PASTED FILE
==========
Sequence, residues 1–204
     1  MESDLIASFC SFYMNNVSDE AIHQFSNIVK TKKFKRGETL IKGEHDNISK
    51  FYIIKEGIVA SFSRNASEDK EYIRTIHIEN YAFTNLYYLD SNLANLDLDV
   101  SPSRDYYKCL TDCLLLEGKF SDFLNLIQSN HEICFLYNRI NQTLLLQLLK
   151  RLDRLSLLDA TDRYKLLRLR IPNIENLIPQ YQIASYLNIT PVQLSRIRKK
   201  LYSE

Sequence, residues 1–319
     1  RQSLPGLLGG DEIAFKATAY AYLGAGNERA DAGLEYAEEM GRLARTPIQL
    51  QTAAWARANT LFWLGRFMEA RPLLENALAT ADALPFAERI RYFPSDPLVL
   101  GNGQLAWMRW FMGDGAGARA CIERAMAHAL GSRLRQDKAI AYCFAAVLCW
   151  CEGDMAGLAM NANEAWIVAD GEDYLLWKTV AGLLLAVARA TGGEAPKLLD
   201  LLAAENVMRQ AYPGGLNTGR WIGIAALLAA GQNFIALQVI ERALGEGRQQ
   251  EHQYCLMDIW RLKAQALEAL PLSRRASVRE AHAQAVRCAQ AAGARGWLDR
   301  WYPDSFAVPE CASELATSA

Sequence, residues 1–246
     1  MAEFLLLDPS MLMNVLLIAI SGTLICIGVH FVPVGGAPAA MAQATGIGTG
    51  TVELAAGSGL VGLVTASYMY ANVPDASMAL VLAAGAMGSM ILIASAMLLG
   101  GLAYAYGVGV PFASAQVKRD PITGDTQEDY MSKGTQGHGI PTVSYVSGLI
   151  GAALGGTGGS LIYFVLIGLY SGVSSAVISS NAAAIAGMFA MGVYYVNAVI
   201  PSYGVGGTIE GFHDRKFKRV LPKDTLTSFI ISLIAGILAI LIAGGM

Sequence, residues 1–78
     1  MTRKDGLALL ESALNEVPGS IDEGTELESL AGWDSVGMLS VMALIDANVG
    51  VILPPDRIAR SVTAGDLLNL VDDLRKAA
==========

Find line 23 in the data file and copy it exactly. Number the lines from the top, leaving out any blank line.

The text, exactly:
    51  VILPPDRIAR SVTAGDLLNL VDDLRKAA